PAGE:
Ray DuBois poses in front of the administration building Tuesday at Trapper Mining Co. Dubois, Trapper’s president and general manager, is leaving the mine to become the vice president and general manager at Cripple Creek & Victor Gold Mining Co., in Teller County near Colorado Springs.

Photo by Shawn McHugh

Ray DuBois poses in front of the administration building Tuesday at Trapper Mining Co. Dubois, Trapper’s president and general manager, is leaving the mine to become the vice president and general manager at Cripple Creek & Victor Gold Mining Co., in Teller County near Colorado Springs.

President of Trapper Mine in Craig resigns

Ray DuBois taking job at gold mine on the Front Range

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Ray DuBois, Trapper Mining Co. president and general manager, recently resigned from the coal mine he has called home for 14 years.

His last day is June 30.

DuBois, 53, announced his decision June 4 in a letter sent to Trapper’s board of directors, and later to his management staff.

He does not know how Trapper will seek to replace him. He said the mine could hire an interim president during a broad, permanent candidate search, or the mine may promote from within.

DuBois is leaving Trapper to become the vice president and general manager at Cripple Creek & Victor Gold Mining Co., in Teller County near Colorado Springs.

Cripple Creek & Victor Gold Mining is a surface gold mine that has been mining precious metals since 1890.

The mine produced about 250,000 troy ounces of gold in 2008, but production varies annually.

DuBois said the decision to leave Trapper Mine was because of the opportunity presented at Cripple Creek & Victor Gold.

“My entire career, after college, has been in the coal mining industry and this is just going to present new opportunities and challenges in the hard rock mining industry, particularly in gold,” he said.

DuBois said the state of the coal mining industry had nothing to do with his decision.

“It has everything to do with the fact that I feel Trapper is on a pretty good path forward,” he said. “If the place was hanging out there and struggling and really needed my direction right now, I would probably think twice, three times about leaving.”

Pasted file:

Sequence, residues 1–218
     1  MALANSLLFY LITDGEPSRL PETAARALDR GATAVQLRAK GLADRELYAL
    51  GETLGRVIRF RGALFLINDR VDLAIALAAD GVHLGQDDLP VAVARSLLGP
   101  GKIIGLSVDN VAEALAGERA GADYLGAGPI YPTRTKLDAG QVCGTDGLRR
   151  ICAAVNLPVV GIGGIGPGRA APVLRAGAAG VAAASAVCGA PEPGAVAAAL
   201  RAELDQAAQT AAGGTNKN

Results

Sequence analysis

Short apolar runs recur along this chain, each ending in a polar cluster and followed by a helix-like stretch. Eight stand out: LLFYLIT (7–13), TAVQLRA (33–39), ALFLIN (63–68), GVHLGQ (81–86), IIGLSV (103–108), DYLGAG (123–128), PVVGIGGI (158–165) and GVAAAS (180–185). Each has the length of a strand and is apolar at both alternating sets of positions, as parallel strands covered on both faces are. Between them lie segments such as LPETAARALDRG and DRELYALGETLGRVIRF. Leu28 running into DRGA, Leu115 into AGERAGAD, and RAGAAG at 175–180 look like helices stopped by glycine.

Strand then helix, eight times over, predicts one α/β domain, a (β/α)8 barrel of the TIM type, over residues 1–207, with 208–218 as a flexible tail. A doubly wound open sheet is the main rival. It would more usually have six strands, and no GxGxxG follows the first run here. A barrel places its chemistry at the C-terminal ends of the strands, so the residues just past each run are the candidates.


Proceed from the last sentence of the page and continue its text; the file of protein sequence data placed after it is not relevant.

Despite leaving the coal industry, DuBois said he will remain interested in coal’s future.

“I am going into a mine that relies heavily on low-cost electricity and I will still be an advocate for coal burning and low-cost electricity, and that is what coal offers,” he said.

But, leaving Craig and Moffat County won’t be easy, DuBois said.

“Coming here was a great opportunity for me,” he said. “I recognized this was a great place to work when I interviewed. I had actually heard about it from people that I worked with down in Texas. … I had heard this was a great little town, a great area of the state, and just a terrific mine with high-performing people both on the management side and the workforce side.”

In his tenure at Trapper, that aspect of the mine hasn’t changed, DuBois said.

“The reason this mine has survived is because of the people,” he said. “We are not blessed with the best mining conditions, but we are blessed with some of the best coal miners in the world.”

Trapper Mine hired DuBois in 1996 as a senior project manager. He was promoted to president and general manager in 2002.

DuBois previously worked for the West Virginia-based steel company, Armco Inc., in the coal division for 14 years. He then moved to Laredo, Texas to work at Farco Mining Co. for three years before moving to Craig.

In his time at Trapper, DuBois said there were several major projects that he was proud to work on.

“I’ve played a small part in the mine’s future basically just throwing out some ideas and the people here taking them and running with them and really doing all the work to make them work,” he said.

The first project DuBois mentioned was the mine’s addition of two Caterpillar D-11R bulldozers, the largest Caterpillar makes.

The two bulldozers are currently being used as primary earthmovers rather than auxiliary pieces of equipment, DuBois said.

DuBois was also manager at the time of a landslide in October 2006, which saw 250-acres slide 400 feet in four hours.

As a result of the slide, several ground-monitoring practices were implemented. The mine now utilizes GPS units to monitor surface movement and inclinometers to monitor any underground movement.

The slide also spurred DuBois to make a transition from using primarily dragline mining at Trapper to a combination of front-end loaders and new 240-ton trucks to assist in the removal of overburden and parting. The mine will now use one dragline at a time for the next few years, he said.

Both the new bulldozers and dragline project have contributed to opening up additional coal reserves for mining, he said.

While at Trapper, DuBois has also served on several boards and associations. He was the past board chairman for the Colorado Mining Association, a member of the board of directors for the National Mining Association and a member of the board of trustees for the Society for Mining, Metallurgy, and Exploration, among others.

Locally, he served as the chairman for the Colorado Northwestern Community College Board of Control for five years and was on the board of directors for Yampa Valley Electric Association.

DuBois contends he has been “very community-minded” in his time with Trapper, a trait he hopes whoever fills his position also possesses.

“You have tremendous control over what can be done for the community sitting in this seat,” he said.

Over the 14 years he has worked for the mine, DuBois said he has “enjoyed practically every day.”

“There will always be a place in my heart for the people and the mine,” he said. “I really want this place to succeed.”

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